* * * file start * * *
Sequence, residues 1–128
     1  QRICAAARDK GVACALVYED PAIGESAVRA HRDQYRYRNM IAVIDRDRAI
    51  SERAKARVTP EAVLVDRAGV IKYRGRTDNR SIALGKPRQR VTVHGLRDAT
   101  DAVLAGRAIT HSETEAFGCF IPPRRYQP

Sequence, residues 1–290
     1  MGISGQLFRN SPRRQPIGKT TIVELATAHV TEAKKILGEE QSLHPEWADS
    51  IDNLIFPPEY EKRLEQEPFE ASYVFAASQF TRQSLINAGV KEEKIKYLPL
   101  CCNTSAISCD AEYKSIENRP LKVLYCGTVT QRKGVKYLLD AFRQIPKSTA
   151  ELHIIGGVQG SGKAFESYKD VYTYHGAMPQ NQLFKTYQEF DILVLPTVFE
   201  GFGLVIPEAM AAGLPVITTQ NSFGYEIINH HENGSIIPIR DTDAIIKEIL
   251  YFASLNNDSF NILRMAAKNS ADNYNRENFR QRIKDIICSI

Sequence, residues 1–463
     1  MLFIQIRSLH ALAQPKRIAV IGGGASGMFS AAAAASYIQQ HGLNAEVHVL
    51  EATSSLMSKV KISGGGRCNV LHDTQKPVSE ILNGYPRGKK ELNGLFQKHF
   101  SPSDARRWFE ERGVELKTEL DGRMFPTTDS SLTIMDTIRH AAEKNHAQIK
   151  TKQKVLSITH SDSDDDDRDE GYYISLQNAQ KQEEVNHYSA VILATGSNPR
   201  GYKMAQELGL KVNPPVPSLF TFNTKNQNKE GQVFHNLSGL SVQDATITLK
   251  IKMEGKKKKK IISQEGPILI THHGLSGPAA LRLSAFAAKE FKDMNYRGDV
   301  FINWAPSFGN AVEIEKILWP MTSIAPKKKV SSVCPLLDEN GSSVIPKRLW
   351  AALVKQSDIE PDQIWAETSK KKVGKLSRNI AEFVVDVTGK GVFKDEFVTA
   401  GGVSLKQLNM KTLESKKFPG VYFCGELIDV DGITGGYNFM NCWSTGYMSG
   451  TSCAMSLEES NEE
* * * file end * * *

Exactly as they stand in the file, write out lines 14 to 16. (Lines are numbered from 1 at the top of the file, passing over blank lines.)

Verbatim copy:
    51  EATSSLMSKV KISGGGRCNV LHDTQKPVSE ILNGYPRGKK ELNGLFQKHF
   101  SPSDARRWFE ERGVELKTEL DGRMFPTTDS SLTIMDTIRH AAEKNHAQIK
   151  TKQKVLSITH SDSDDDDRDE GYYISLQNAQ KQEEVNHYSA VILATGSNPR